A phrase I hear often as a criminal defense lawyer is: “He didn’t read me my rights!” Many people believe that the failure of a police officer to read someone their “Miranda Rights” allows them to beat any criminal prosecution in court, which is not entirely true. While law enforcement officials do have to read your rights to you, if must only be done in certain situations. If they fail to do that, it might not have any effect on your case.
When Your Rights Must Be Read
When is it most important that your rights be read to you by law enforcement officials? It must take place before they ask you questions; however, you must be in custody and not free to leave. If you are only being investigated or detained or you say something that was not in response to a question, it may not matter that your rights were not read by a police officer. You may be asked to explain what happened or if you committed the action in question. Your response to such a question can be used as evidence in court that you are guilty of a crime.
What Rights Should You Be Told?
You have to be informed that it is your right to be silent and not make any statement at all. You have to be told that any type of statement you make can be used in court as evidence against you. You must be told that it is your right to request that an attorney be present to counsel you prior to and during any questioning. Lastly, you have to be informed of your right to request at any time that the interview be ended.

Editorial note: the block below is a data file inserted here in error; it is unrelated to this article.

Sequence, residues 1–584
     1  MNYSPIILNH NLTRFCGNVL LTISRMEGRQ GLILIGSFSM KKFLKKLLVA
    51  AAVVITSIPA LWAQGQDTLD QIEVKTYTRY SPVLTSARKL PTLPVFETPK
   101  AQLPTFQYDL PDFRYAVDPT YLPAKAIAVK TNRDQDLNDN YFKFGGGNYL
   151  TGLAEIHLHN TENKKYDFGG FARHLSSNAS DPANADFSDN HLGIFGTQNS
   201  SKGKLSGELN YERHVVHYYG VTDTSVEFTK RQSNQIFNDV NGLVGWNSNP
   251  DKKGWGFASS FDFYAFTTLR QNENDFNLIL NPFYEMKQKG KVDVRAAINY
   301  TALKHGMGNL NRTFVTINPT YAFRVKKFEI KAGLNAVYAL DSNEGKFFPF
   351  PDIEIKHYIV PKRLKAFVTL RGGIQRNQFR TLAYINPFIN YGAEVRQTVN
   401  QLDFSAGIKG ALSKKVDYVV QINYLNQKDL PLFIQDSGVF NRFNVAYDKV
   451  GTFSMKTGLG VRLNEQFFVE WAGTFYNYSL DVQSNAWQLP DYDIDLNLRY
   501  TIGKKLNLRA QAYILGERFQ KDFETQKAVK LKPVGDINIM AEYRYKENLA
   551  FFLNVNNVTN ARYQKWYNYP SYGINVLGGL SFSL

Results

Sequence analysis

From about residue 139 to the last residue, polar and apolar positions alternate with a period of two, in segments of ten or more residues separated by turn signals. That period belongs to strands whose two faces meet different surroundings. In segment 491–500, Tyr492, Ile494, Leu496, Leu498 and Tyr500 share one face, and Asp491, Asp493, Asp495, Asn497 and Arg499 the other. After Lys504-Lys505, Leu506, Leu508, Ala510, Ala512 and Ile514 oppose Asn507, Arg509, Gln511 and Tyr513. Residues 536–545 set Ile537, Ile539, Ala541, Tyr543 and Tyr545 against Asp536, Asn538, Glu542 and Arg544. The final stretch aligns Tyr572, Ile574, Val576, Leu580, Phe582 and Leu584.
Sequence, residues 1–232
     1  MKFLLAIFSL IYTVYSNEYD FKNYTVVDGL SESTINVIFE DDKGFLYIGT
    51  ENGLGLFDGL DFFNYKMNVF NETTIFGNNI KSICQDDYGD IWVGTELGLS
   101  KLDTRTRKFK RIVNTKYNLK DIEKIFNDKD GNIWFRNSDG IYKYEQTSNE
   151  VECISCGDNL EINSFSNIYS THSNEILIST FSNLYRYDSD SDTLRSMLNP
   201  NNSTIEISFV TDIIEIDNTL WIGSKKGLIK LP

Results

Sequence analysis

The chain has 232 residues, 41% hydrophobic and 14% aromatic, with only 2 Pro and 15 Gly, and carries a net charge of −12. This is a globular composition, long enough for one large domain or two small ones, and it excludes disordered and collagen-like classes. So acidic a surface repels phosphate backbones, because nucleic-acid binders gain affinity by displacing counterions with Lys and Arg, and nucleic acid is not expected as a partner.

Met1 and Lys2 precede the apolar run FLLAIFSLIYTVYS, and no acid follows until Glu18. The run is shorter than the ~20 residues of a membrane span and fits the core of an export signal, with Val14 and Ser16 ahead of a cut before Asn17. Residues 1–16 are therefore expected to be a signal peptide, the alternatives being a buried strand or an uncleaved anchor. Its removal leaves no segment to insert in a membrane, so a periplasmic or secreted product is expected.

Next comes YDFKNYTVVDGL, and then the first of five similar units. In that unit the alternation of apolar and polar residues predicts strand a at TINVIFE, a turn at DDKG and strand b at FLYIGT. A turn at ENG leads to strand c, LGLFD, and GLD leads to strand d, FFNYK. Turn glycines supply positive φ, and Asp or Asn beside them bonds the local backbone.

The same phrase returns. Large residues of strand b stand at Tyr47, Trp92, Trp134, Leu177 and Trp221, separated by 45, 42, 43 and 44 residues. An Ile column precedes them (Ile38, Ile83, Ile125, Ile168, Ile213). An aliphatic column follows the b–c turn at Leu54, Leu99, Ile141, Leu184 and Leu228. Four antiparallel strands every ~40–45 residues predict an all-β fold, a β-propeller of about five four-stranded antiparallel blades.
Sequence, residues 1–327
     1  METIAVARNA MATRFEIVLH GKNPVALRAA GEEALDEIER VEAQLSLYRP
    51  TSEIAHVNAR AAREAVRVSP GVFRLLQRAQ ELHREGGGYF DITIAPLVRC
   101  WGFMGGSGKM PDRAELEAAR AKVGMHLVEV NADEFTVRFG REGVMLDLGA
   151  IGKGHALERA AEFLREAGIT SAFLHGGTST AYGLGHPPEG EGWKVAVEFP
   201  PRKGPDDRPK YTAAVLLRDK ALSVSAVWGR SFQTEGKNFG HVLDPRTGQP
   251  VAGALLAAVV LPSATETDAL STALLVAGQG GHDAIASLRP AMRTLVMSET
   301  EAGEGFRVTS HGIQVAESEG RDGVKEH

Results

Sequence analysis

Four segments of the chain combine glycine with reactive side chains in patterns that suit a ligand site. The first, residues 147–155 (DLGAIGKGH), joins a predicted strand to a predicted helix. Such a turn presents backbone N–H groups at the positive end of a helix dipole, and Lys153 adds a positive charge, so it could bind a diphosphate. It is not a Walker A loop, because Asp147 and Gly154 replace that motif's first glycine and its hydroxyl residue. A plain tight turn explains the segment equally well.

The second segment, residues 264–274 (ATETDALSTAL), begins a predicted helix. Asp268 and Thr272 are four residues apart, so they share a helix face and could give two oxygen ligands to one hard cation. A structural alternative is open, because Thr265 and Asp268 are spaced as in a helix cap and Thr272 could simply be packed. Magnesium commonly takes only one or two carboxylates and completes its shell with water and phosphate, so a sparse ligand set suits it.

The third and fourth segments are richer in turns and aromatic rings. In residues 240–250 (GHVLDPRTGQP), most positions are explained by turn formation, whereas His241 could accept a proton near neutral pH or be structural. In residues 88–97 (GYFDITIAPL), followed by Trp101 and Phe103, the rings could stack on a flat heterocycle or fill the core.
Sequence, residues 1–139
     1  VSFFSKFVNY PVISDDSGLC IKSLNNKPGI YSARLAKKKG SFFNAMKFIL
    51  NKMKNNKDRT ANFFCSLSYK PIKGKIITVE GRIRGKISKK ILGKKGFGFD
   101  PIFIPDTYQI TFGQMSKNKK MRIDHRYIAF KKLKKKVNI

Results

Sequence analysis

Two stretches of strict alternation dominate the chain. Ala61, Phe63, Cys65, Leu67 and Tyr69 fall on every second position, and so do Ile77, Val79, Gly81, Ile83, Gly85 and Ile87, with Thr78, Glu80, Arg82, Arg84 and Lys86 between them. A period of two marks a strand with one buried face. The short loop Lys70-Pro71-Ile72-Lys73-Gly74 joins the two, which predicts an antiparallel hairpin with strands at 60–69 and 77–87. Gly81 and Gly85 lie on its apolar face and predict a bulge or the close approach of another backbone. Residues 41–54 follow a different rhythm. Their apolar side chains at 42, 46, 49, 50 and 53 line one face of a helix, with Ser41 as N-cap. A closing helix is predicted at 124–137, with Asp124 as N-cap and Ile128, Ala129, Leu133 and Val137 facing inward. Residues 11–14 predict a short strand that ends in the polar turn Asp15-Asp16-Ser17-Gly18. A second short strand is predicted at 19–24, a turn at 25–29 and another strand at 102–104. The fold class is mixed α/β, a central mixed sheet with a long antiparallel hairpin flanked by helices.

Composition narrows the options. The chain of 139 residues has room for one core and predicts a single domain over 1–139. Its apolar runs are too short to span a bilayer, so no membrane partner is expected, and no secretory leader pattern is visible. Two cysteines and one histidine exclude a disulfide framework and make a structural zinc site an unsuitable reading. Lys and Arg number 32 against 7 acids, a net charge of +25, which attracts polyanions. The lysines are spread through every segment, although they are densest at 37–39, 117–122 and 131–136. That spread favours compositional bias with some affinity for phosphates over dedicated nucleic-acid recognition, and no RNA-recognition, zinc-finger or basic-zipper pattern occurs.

These are your constitutional rights, use them! If a police officer begins to question you, ask if you are free to leave. If you are not, your rights must be read to you by the law enforcement official. Politely tell the officer you want to remain silent and want a criminal defense lawyer present.
Protecting Yourself During a Criminal Investigation
Although it may not matter if a police officer did not read your rights to you, it is still important to know your rights and your need to exercise them. If you are being investigated by any law enforcement official, remember that it is their job to find evidence of crimes they believe have been committed. Your job is to make sure that you protect yourself and your rights, remain silent, and ask for a criminal defense attorney right away!
By: Gustavo D. Elizondo III, Attorney at Law
Garza & Elizondo, LLP
680 East St. Charles St, Suite 600
Brownsville TX 78520
1393 East Alton Gloor Blvd, Suite 12
Brownsville TX 78526